Advisory Opinion

April 20, 1994

Mr. I. Lee Falk 
Morgan, Lewis & Bockius 
2000 One Logan Square 
Philadelphia, Pennsylvania 19103-6993

94-15A
3(33)
4(b)(2)

Dear Mr. Falk:

This is in reply to your correspondence on behalf of Presbyterian Homes of the Presbytery of Huntingdon (hereinafter, the Corporation) in Hollidaysburg, Pennsylvania, an institution of the Presbyterian Church (U.S.A) (hereinafter, the Church). Specifically, you ask whether certain benefit arrangements for employees of the Corporation are church plans within the meaning of section 3(33) of Title I of the Employee Retirement Income Security Act of 1974 (ERISA).

Your correspondence and the accompanying documents contain the following facts and representations concerning the Church's organization, the Corporation's subordination to the Church, and the Corporation's benefit arrangements for its employees.

You represent that the Church is composed of sixteen synods.1 One of the synods, the Synod of the Trinity (hereinafter, the Synod) is located in Pennsylvania and West Virginia. The Synod is composed of a number of Church presbyteries, which consist of the lay and clerical representatives of local Church congregations. One presbytery within the Synod is the Presbytery of Huntingdon (hereinafter, the Presbytery). The Presbytery consists of representatives of Church congregations in six counties in west central Pennsylvania.

You further represent that the Presbytery had the Corporation chartered in 1924 and that the Corporation continues to operate as a Pennsylvania nonprofit institution. You indicate that the Corporation serves the Church's ministries by providing living accommodations, support, nursing, and long term care for older adults. Specifically, the Corporation now operates three retirement homes in Pennsylvania: the United Presbyterian Home in Hollidaysburg, the United Presbyterian Home in Philipsburg, and the Woodland Retirement Center in Orbisonia. The Corporation's homes in Hollidaysburg and Philipsburg are listed in the Directory of Presbyterian Homes in the United States, Sixth Edition, 1988 (hereinafter, the Directory). You also indicate that, because the Corporation acquired it in 1991, the Woodland Retirement Center is not yet listed in the Directory, and that a fourth, as yet unnamed, home for the aged that the Corporation has under development is also not yet listed in the Directory.

You also represent that the Corporation is subordinate to the Presbytery in several ways. The Corporation's operations are dictated by the Presbytery's manual.2 Also, the Corporation operates under its own bylaws, which must be approved by the Presbytery, and which the Presbytery may amend. Further, the Presbytery elects by majority vote and may remove all directors on the Corporation's board of directors (hereinafter, the Board).3 In addition, one-fifth of the Board's directors must be Church ministers.4 Finally, the Corporation is subordinate to the Presbytery because it must provide the Presbytery with a detailed financial accounting of its operations at least annually.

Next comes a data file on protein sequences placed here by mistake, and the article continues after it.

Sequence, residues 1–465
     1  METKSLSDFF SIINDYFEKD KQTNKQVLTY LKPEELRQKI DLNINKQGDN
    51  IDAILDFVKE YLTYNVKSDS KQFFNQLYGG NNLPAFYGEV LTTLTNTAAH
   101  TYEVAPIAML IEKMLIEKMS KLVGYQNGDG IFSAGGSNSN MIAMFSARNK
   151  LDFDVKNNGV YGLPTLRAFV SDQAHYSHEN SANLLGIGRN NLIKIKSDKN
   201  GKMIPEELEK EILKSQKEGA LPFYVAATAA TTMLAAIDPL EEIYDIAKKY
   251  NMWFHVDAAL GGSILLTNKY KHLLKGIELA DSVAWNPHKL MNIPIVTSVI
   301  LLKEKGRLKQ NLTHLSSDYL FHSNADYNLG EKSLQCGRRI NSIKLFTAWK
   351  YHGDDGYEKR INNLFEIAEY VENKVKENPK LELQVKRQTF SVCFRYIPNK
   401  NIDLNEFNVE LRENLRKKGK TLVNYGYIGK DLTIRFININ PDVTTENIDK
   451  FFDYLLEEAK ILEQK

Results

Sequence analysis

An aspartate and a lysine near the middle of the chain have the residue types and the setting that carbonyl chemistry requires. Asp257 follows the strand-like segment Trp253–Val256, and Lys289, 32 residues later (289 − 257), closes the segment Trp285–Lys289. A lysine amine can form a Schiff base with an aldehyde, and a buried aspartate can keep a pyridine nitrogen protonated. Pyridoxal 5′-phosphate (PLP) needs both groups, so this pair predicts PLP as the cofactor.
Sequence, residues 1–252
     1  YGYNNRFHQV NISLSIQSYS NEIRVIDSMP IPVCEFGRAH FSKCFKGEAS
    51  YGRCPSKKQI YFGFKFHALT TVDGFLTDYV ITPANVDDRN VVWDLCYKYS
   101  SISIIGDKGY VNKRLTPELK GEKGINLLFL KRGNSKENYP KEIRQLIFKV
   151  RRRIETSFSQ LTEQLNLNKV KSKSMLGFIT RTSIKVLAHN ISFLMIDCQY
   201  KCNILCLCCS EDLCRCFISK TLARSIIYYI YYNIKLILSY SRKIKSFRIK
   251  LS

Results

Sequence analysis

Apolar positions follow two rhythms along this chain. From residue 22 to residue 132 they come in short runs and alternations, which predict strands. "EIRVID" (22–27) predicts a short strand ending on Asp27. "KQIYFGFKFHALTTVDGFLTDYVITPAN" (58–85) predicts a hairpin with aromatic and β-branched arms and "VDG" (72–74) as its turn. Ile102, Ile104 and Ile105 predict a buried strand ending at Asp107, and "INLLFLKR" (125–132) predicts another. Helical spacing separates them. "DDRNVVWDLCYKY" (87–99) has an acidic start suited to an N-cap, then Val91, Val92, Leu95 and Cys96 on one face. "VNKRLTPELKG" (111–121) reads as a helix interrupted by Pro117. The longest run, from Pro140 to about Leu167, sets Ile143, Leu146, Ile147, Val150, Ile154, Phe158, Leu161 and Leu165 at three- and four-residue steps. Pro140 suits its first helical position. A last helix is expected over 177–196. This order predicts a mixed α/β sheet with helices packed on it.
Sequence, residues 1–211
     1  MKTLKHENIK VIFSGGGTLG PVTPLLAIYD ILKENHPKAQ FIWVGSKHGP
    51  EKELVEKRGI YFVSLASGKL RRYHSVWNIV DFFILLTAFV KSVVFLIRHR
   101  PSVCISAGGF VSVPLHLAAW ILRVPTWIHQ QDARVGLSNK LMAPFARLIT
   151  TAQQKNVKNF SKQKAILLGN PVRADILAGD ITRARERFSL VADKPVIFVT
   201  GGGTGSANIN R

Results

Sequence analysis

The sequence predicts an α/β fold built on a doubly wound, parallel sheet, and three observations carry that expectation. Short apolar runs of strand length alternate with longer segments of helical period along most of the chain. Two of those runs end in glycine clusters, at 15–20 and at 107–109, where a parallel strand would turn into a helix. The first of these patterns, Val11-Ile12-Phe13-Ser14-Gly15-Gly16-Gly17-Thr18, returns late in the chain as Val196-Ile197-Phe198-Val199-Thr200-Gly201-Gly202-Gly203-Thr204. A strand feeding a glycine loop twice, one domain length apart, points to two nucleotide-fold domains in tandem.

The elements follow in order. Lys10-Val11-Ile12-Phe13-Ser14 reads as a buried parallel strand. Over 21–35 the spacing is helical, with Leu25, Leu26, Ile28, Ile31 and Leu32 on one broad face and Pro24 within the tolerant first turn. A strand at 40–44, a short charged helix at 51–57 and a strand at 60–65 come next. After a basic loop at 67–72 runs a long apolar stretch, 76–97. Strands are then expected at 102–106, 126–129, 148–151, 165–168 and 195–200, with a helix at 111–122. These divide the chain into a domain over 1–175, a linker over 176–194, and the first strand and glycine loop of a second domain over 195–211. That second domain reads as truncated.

You represent that the Corporation has always operated as a nonprofit institution; however, you document that it has been accorded tax exempt status for approximately the last 50 years. Specifically, the Corporation obtained a letter from the Internal Revenue Service (hereinafter, IRS) in 1942 stating that it is an organization exempt from tax pursuant to section 501(c)(3) of the Internal Revenue Code (hereinafter, the Code).

The Corporation employs individuals in connection with its nursing home operations. Further, the Corporation has established and maintains welfare benefit arrangements for its eligible employees (hereinafter, collectively, the Welfare Plans). The Corporation has a health care plan, an insured accidental death and dismemberment plan, a supplemental life insurance plan, a legal services plan, an insured short term disability plan, an insured long term disability plan, and an insured plan providing benefits in the event of cancer.5

You represent that the Welfare Plans are administered by an Employee Benefits Committee (hereinafter, the Committee) and that the principal purpose or function of the Committee is to administer the Welfare Plans. The president of the Board appoints five directors from the Board to serve as the members of the Committee.6